The results presented here reveal that HCMV targets different aspects of DC biology, in particular adhesion and migration. By manipulating chemokine receptor expression and the activation status of integrins, HCMV impairs the migration of infected mDCs to block induction of antiviral immune responses. Further research concerning the molecular mechanism of CYTIP degradation in HCMV-infected mDCs and, thus, a better understanding of this viral immune evasive mechanism might lead to the development of new anti-herpesviral therapeutics.

Ethics Statement

For the generation of monocyte-derived DCs from leukapheresis products of healthy donors, a positive vote from the local ethics committee has been obtained (reference number 4556). This study was carried out in accordance with the recommendations of the ethics committee of the “Friedrich-Alexander-Universität Erlangen-Nürnberg” with written informed consent from all subjects. All subjects gave written informed consent in accordance with the Declaration of Helsinki.

Author Contributions

LG, AS, and CH designed the study and the experiments. LG, CD, PM, and LK performed experiments and analyzed and interpreted the data. VL and MT provided essential reagents. LG wrote the paper. CH, AS, PM, VL, and MT critically revised the manuscript. All authors approved the final version of the manuscript.

Conflict of Interest Statement

The authors declare that the research was conducted in the absence of any commercial or finical relationships that could be construed as a potential conflict of interest.

Acknowledgments

We thank Elisabeth Kremmer (Helmholtz Center Munich, Munich, Germany) for providing us with anti-cytohesin-1 and anti-CYTIP antibodies and Prof. Thomas Stamminger (Institute for Clinical and Molecular Virology, Erlangen, Germany) for the HCMV TB40E/IE2-EYFP strain. We additionally thank the Core Unit “Cell Sorting and Immunomonitoring,” from the University Hospital Erlangen, for cell sorting.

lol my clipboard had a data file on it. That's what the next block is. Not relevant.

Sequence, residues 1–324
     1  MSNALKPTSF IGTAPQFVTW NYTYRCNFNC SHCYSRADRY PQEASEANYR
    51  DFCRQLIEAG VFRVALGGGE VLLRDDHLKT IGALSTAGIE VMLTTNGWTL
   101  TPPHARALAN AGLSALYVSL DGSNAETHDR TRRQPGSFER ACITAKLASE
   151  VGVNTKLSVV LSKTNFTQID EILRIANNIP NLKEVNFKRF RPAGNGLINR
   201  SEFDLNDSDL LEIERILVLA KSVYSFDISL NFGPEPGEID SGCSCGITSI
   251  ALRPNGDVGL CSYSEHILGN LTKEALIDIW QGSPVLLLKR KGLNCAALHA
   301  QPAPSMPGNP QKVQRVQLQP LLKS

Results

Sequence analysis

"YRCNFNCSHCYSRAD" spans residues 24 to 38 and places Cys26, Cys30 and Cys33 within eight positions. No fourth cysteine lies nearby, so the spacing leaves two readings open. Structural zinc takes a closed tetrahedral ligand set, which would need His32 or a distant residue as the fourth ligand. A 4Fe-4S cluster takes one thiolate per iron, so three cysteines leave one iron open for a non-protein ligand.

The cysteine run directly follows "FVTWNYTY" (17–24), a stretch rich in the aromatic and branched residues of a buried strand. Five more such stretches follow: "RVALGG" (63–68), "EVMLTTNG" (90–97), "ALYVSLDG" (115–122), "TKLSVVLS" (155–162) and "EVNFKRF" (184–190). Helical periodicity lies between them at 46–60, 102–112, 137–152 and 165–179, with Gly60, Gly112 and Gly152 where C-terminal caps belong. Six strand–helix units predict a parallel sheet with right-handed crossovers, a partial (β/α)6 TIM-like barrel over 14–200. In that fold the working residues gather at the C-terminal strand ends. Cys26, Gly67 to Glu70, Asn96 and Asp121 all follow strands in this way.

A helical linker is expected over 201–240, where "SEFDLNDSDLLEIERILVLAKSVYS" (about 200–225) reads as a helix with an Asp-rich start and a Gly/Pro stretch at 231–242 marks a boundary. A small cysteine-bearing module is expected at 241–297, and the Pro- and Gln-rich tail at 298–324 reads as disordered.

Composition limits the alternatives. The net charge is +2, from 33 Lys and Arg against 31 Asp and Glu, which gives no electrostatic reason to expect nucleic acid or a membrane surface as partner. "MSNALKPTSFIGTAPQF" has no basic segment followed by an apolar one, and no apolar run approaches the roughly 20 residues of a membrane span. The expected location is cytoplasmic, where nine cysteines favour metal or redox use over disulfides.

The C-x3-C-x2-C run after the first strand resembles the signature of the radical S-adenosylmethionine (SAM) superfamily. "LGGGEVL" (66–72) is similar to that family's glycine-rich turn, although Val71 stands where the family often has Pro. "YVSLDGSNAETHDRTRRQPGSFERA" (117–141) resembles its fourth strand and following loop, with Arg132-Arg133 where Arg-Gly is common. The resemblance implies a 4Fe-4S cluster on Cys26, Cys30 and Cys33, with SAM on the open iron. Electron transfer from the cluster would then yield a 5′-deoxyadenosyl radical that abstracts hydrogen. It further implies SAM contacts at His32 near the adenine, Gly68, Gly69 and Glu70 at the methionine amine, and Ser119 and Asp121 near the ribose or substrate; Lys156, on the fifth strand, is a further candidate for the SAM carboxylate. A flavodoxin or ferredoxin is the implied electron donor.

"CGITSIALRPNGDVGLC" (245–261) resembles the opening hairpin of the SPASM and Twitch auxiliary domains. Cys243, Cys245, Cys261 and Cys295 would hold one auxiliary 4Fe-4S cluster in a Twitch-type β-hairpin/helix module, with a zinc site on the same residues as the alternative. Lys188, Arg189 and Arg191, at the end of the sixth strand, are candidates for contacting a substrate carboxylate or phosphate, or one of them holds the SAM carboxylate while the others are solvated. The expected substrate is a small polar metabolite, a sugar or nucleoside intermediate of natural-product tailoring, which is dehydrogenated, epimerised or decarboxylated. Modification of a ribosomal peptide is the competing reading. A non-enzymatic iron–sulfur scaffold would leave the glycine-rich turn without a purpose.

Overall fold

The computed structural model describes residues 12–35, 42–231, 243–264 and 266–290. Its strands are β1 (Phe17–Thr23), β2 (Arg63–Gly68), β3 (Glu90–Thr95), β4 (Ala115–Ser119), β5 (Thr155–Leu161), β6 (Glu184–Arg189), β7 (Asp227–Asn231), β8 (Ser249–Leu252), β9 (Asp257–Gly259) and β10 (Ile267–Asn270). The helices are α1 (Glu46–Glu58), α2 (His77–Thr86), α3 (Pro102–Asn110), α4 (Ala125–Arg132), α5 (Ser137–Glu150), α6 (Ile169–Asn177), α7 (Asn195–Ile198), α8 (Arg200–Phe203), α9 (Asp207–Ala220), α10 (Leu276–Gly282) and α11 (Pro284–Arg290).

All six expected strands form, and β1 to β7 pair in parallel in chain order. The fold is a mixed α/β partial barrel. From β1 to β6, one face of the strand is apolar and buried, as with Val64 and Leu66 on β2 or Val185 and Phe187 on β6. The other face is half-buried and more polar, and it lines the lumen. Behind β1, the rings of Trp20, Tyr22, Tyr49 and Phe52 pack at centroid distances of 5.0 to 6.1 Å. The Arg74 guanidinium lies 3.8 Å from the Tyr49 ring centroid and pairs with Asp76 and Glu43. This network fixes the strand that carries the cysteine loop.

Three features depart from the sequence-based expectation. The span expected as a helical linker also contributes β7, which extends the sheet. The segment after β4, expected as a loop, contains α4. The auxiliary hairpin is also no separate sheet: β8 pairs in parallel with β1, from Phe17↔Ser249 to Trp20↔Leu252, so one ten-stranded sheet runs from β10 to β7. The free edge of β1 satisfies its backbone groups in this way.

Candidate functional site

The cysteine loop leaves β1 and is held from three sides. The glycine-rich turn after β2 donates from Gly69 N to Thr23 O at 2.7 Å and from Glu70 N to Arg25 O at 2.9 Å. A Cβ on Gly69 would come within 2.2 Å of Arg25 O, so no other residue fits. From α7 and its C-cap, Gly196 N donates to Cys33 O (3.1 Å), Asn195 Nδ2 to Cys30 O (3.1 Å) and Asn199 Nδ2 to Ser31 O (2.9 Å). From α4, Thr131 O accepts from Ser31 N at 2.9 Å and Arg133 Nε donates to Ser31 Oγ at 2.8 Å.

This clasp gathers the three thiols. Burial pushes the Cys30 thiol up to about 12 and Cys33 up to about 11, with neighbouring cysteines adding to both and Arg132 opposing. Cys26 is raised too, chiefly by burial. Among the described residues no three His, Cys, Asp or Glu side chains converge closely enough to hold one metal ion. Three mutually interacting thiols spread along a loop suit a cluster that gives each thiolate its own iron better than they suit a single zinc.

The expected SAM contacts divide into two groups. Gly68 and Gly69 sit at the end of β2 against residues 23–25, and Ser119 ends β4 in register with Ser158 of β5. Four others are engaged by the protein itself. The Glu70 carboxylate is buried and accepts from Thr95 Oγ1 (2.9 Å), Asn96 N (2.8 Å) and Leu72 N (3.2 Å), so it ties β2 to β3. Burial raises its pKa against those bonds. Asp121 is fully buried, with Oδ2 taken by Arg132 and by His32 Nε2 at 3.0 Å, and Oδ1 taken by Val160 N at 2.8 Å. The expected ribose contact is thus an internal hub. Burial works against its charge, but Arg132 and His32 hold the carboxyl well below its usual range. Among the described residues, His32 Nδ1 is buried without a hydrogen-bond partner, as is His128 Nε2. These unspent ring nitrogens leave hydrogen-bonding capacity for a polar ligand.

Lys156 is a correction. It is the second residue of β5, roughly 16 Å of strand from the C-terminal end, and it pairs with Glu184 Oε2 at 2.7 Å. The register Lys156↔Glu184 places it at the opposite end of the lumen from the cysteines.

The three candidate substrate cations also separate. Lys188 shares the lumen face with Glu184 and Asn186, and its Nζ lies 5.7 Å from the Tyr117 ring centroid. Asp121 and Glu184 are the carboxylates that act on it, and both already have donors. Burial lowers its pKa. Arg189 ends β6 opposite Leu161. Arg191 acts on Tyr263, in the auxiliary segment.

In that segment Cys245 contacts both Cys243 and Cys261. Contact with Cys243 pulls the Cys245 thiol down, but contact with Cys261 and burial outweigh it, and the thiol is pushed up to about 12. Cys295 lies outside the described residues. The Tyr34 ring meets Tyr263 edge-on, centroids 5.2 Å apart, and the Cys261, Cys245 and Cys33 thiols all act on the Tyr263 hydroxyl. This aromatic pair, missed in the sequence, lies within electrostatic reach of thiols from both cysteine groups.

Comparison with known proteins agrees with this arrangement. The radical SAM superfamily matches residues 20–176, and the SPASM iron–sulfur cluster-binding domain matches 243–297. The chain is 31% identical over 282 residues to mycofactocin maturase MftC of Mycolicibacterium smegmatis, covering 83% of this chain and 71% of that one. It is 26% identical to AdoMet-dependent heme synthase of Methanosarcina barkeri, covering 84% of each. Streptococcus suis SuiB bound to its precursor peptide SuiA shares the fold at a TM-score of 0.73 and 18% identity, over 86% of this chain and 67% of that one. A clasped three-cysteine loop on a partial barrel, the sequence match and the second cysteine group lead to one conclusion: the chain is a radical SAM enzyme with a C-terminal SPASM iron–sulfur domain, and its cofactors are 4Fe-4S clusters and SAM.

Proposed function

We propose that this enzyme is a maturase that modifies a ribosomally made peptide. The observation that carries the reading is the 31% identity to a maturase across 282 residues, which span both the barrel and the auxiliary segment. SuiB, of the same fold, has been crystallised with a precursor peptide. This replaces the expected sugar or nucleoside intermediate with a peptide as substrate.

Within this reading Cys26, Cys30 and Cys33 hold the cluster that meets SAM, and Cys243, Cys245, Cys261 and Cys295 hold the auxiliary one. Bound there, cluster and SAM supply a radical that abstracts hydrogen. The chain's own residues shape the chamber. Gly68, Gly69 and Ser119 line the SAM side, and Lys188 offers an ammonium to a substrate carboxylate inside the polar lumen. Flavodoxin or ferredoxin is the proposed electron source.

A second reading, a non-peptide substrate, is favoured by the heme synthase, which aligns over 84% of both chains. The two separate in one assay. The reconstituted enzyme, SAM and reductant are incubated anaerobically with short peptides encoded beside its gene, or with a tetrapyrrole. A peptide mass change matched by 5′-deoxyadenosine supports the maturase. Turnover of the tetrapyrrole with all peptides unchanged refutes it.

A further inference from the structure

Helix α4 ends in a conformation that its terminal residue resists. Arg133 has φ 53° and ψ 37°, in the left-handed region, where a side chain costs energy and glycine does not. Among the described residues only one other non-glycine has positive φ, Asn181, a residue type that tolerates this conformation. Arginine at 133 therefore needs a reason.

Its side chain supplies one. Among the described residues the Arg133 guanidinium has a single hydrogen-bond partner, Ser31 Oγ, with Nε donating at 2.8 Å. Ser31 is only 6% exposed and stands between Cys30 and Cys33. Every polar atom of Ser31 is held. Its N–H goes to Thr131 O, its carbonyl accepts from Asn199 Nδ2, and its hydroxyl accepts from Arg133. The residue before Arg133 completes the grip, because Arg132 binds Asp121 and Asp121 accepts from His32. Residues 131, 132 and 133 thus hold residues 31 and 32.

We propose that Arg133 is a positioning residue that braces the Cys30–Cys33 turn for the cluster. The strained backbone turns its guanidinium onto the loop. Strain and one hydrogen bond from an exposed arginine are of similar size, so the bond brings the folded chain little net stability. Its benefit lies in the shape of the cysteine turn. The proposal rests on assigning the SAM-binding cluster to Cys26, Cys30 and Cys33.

Funding

This work was supported by the Deutsche Forschungsgemeinschaft (DFG) via the SFB796 (project B2). LG and CH were supported by the ELAN fonds (15-12-22-1-Heilingloh). VL and MT receive funding from the DFG via TRR60 project A7N, GRK1949 project 13, and from the Medical Faculty of the University Duisburg-Essen via the IFORES-Sonderprogramm.

References

1. Banchereau J, Steinman RM. Dendritic cells and the control of immunity. Nature (1998) 392:245–52. doi:10.1038/32588

PubMed Abstract | CrossRef Full Text | Google Scholar

2. Lanzavecchia A, Sallusto F. The instructive role of dendritic cells on T cell responses: lineages, plasticity and kinetics. Curr Opin Immunol (2001) 13:291–8. doi:10.1016/S0952-7915(00)00218-1

PubMed Abstract | CrossRef Full Text | Google Scholar

3. Steinman RM. The dendritic cell system and its role in immunogenicity. Annu Rev Immunol (1991) 9:271–96. doi:10.1146/annurev.iy.09.040191.001415

PubMed Abstract | CrossRef Full Text | Google Scholar

4. Banchereau J, Briere F, Caux C, Davoust J, Lebecque S, Liu YJ, et al. Immunobiology of dendritic cells. Annu Rev Immunol (2000) 18:767–811. doi:10.1146/annurev.immunol.18.1.767